McCraren Compliance offers many opportunities in safety training to help circumvent accidents. Please take a moment to visit our calendar of classes to see what we can do to help your safety measures from training to consulting.

Drone use in construction can distract workers and increase risk of falls: CPWR

Original article published by Safety+Health

Photo: Courtesy of 3D Robotics 

Silver Spring, MD — As the use of drone technology in the construction industry expands, so too do safety concerns related to worker distraction and potential collisions while operating at height.

That’s the conclusion of researchers from CPWR – The Center for Construction Research and Training, who in a recent study analyzed the behaviors of 153 participants “with varying construction experience” in a virtual construction site.

Findings show that working with or near drones, or unmanned aerial vehicles, “reduces the attention workers devote to the task at hand, which could result in falls when they are at height.” Workers operating while drones were 12 and 25 feet away looked away from job tasks more frequently than when drones were 1.5 and 4 feet away.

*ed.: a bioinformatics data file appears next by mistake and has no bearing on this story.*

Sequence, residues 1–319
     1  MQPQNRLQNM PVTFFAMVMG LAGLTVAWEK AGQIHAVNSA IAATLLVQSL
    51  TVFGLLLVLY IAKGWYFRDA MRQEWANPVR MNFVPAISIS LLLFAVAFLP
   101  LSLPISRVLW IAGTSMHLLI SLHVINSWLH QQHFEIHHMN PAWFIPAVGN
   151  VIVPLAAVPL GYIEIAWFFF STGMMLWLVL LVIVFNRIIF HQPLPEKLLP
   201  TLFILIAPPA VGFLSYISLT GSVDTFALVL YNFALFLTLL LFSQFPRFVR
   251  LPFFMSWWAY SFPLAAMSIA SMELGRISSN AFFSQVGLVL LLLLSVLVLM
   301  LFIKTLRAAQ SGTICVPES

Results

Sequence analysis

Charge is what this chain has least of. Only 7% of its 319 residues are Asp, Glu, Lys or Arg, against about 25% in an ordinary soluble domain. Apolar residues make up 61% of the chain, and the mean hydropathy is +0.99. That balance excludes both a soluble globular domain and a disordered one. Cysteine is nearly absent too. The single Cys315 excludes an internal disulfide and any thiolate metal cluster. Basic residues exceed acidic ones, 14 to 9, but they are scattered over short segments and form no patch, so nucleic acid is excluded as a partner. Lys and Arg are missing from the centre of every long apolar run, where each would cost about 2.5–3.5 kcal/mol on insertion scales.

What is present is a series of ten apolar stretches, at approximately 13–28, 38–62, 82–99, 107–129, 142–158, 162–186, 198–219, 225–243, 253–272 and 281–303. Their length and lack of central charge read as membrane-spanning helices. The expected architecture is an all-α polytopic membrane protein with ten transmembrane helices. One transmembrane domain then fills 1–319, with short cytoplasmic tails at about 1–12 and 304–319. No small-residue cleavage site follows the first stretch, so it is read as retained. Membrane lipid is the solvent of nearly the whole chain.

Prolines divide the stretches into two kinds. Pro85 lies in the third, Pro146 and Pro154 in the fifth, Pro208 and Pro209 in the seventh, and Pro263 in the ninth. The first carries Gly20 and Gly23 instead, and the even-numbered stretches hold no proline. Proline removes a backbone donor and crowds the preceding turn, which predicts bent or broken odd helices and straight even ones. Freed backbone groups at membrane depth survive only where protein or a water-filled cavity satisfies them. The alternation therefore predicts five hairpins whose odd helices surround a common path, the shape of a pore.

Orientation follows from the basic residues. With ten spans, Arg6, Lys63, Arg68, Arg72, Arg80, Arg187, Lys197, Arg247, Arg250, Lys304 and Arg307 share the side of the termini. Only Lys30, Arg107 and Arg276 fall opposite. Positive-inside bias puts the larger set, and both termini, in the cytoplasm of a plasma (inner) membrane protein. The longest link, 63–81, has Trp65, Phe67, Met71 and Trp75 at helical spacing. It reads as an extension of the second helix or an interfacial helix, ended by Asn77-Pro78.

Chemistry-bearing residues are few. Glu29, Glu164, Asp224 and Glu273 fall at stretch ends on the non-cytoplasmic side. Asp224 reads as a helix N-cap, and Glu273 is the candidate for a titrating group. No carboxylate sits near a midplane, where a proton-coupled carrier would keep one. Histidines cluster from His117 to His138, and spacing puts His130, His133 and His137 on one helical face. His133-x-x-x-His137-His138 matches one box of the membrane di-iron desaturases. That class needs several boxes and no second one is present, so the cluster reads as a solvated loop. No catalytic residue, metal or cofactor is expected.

Additionally, working with drones at any distance contributes to “significant” psychological or emotional distress. Workers may feel as though they’re constantly being monitored. They also might be fearful of being struck by a drone, as they already operate in high-risk environments at height.

2021 survey conducted by Dodge Data & Analytics in partnership with CPWR, among other organizations, found that 37% of construction contractors use drones on worksites, while an additional 6% anticipated future use. Still, the study concluded that construction workers “generally have a negative attitude” toward working with or near drones.